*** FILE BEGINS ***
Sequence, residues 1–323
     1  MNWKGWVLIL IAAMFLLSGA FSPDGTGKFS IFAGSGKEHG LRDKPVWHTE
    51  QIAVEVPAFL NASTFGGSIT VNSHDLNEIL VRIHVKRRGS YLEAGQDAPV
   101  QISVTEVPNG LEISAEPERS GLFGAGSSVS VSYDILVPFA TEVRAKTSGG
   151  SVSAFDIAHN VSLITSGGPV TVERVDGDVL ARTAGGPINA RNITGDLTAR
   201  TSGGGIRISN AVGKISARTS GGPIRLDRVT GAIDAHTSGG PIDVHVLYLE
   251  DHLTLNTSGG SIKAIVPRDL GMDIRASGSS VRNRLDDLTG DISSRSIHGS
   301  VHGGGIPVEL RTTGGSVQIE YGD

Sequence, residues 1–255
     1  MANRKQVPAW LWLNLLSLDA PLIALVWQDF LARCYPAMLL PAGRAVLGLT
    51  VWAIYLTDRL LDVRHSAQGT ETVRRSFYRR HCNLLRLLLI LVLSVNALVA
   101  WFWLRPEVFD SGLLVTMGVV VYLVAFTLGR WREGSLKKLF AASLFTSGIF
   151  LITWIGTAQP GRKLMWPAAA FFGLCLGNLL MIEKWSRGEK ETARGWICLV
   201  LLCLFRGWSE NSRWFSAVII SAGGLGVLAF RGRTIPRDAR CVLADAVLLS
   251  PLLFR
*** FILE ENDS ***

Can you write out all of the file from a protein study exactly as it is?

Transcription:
Sequence, residues 1–323
     1  MNWKGWVLIL IAAMFLLSGA FSPDGTGKFS IFAGSGKEHG LRDKPVWHTE
    51  QIAVEVPAFL NASTFGGSIT VNSHDLNEIL VRIHVKRRGS YLEAGQDAPV
   101  QISVTEVPNG LEISAEPERS GLFGAGSSVS VSYDILVPFA TEVRAKTSGG
   151  SVSAFDIAHN VSLITSGGPV TVERVDGDVL ARTAGGPINA RNITGDLTAR
   201  TSGGGIRISN AVGKISARTS GGPIRLDRVT GAIDAHTSGG PIDVHVLYLE
   251  DHLTLNTSGG SIKAIVPRDL GMDIRASGSS VRNRLDDLTG DISSRSIHGS
   301  VHGGGIPVEL RTTGGSVQIE YGD

Sequence, residues 1–255
     1  MANRKQVPAW LWLNLLSLDA PLIALVWQDF LARCYPAMLL PAGRAVLGLT
    51  VWAIYLTDRL LDVRHSAQGT ETVRRSFYRR HCNLLRLLLI LVLSVNALVA
   101  WFWLRPEVFD SGLLVTMGVV VYLVAFTLGR WREGSLKKLF AASLFTSGIF
   151  LITWIGTAQP GRKLMWPAAA FFGLCLGNLL MIEKWSRGEK ETARGWICLV
   201  LLCLFRGWSE NSRWFSAVII SAGGLGVLAF RGRTIPRDAR CVLADAVLLS
   251  PLLFR